By: Kat Bein By: Kat Bein | August 18, 2021 | People Style & Beauty
What does it take to be a Coach ambassador? A radiant confidence in who you are and where you come from—at least, that's what you get from Quincy, the actor-model-musician known to fans from his starring roles in Brotherly Love, Fox's Star, as well as singles "Coming Off Strong" and "Late Night Flex."
Raised by his late mother, model and actress Kim Porter, as his adopted father Sean "Diddy" Combs, Quincy has learned a thing or two about style and presence, though he says a lot of his star-quality is owed to his grandma.
Today, Quincy helps launch Coach's new Camo campaign, alongside fellow Coach ambassadors Michael B. Jordan, Debbie Harry, Lolo Zouaï and Jeremy Lin. He gave us an exclusive sneak peek into the collection, photographed by Bladi Corniel, and to hear him tell it, camo is definitely back, because it never actually left.
See also: The Coach Foundation's Dream It Real Initiative to Support 5,000 Students with Scholarships by 2025
What goes into being a Coach ambassador?
It starts with you. Being you just shines through differently. Being part of the Coach family is bringing yourself, your values and morals to the table—and to their storyline as a company. Coach has been more than a family to me, as they have added to my stamp in fashion, and they compliment my lifestyle through every season.
Your mother was a talented model and actress. Did she teach you everything you know about fashion, or are there other style icons you have to thank?
My mother is instilled in everything I do and know. I’m also noticing as my future unfolds, things in life are making more sense from her perspective and what she taught me and guided me through. All-in-all, for me it’s the dare to be different and have fashion be the language of expression you can communicate as a person.
What are your earliest fashion memories?
Every weekend there was a family gathering at my Mee-maw‘s (My grandma—Mom’s mother) house. Food, music, and of course we topped it with a living room fashion show with a runway, and it was just all forms of expressions in the living room hub. Deep memories of wearing whatever clothes we could find and making accessories out of anything, and sharing our creative expression at that moment with our family members.
How would you describe your personal style?
I would describe my personal style as moody, meaning I like to dress off of how I feel—and, I have many moods to say the least. I am a Gemini, haha.
This collection is genderless, and that’s become a more important part of the designer conversation lately. How do you see fashion's role in society at large?
I’m seeing it become a topic of conversation across the board with everything. As a society, I am proud that our new generation can speak their mind and be who they want to be with minor barriers. We have more to fight for socially, but contributions like this one help towards social change and it starts the conversation.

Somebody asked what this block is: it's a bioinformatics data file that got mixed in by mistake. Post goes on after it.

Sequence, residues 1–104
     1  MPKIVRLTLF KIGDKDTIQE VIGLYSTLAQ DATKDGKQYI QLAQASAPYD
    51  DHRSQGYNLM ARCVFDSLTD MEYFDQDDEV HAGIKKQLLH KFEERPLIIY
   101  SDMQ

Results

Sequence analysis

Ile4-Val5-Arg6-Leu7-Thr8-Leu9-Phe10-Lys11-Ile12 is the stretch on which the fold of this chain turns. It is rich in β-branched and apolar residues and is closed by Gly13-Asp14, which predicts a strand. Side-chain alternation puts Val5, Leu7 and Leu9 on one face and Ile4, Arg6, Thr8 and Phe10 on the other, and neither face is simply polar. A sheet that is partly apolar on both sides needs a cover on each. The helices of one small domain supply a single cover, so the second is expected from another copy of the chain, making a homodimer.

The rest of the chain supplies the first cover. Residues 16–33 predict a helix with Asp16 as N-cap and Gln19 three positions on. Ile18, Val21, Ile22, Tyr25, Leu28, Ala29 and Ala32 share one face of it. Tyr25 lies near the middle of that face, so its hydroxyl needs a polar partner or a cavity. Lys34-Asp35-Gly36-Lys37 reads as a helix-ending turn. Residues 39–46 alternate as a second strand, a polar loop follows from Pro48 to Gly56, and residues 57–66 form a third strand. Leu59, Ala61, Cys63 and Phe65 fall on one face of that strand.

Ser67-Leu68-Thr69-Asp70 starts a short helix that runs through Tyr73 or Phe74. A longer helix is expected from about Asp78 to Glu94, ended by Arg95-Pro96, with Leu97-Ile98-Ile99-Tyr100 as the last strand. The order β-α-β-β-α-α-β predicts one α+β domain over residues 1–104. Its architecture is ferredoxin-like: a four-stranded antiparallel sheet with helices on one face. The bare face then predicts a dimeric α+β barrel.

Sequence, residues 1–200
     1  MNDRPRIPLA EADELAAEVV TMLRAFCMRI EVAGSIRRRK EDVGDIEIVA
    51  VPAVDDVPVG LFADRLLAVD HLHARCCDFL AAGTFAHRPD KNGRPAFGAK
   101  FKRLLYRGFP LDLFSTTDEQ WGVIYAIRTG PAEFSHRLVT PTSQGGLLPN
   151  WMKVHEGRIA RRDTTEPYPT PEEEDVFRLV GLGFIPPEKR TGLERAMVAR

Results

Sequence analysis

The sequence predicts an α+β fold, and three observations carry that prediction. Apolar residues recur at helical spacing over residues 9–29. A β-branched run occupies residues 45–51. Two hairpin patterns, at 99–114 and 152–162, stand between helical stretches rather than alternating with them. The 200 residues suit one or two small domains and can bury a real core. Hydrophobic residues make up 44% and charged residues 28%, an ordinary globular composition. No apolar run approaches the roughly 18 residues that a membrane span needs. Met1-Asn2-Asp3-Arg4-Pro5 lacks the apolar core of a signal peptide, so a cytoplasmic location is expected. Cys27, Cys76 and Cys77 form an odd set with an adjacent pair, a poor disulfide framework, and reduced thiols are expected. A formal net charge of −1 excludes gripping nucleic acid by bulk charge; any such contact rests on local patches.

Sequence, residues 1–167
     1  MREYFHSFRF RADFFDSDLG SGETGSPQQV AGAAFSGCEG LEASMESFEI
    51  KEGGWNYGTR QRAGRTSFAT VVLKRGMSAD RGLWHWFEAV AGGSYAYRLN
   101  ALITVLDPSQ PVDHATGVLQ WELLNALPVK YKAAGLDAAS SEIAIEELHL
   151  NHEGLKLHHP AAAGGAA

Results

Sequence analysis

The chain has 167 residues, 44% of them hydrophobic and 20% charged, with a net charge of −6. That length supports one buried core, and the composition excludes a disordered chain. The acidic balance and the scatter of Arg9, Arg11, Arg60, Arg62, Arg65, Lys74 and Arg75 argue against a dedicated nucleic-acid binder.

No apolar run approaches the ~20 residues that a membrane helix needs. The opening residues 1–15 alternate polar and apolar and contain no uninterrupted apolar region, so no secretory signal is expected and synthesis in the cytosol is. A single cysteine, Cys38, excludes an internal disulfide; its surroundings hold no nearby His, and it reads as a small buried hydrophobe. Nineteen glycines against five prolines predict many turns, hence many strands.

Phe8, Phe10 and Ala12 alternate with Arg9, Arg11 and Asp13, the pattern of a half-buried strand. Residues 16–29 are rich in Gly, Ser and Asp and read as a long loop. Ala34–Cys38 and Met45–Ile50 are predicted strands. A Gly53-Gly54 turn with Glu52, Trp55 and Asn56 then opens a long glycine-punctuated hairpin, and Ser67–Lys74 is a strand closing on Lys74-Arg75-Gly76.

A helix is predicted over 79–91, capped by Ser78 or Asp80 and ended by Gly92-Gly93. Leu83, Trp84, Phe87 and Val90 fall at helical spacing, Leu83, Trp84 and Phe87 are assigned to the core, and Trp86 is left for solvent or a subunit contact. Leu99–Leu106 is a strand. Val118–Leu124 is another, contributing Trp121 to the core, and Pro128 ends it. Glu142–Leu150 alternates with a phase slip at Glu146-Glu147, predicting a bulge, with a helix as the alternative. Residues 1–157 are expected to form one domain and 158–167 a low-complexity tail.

The role is vital by collections like this, because it opens up the dialogue and brings different people closer through fashion.
Camo is back! What do you think about this on-again/off-again print? How do you style your Coach Camo?
Camo never left! Ha! I’m from the country. My family had a few hunters, so I grew up around it and it’s a daily fashion thing for them. That was a part of my childhood, slightly different from fatigue but that still was in the mix. [Whether] a hat, backpack, I’ve always been a fan of camo. It sets a unique tone, especially when playing with its color details. It gives modern warrior vibes.
You grew up in an entertainment household, raised by your model mother and music mogul father. What did your mother teach you that has helped you navigate the tricky world of entertainment and acting? What has Diddy taught you?
My grandma and mother literally taught me everything. I just actually listened early on and took in as a kid all of the gems they always shared with me. Kids are stubborn, but it all stored in my brain. Coming from two mother figures, I had a double whammy of advice and protection. It taught me the strong value of what women represent in this world and how their strength, and mindset is so powerful along with their intuition. One thing I learned is keep your circle small. Look only for your best interests. Sean “Love” Combs has influenced his hustler mentality on me, and heavy. So, I want to conquer all that’s for me.
What other projects are you working on right now that we can look forward to?
I’m working on a full music project, which will be ready by the end of the year! I’m excited to finally present music consistently. I owe it to my fans. I have been perfecting my craft in music and really building globally to touch people outside of the U.S. I am also working on some business ventures that I can’t share right now that are outside of fashion, music and acting. Currently, I am filming the second season of POWER III: Raising Kanan on STARZ and [executive produced] by Curtis “50 Cent” Jackson.
Anything else about working with Coach, this campaign or anything you’re working on—anything at all you want to mention or talk about that we didn’t think to ask?
I’m excited to keep building with my Coach family. We have more surprises on the way very soon. Every year, we push the envelope further together, and I’m excited about that. Hope to design something in the future, for sure! I’m also starting my Frequincy, Inc creative agency in the near future, where I’m bringing creatives together, resources and also new opportunities.
Follow Quincy on Instagram to keep up with Power III and his forthcoming music. See more of the Coach Camo collection below and visit Coach.com to see how you can cop some cool camo for yourself.
Photography by: Bladi Corniel, Courtesy Coach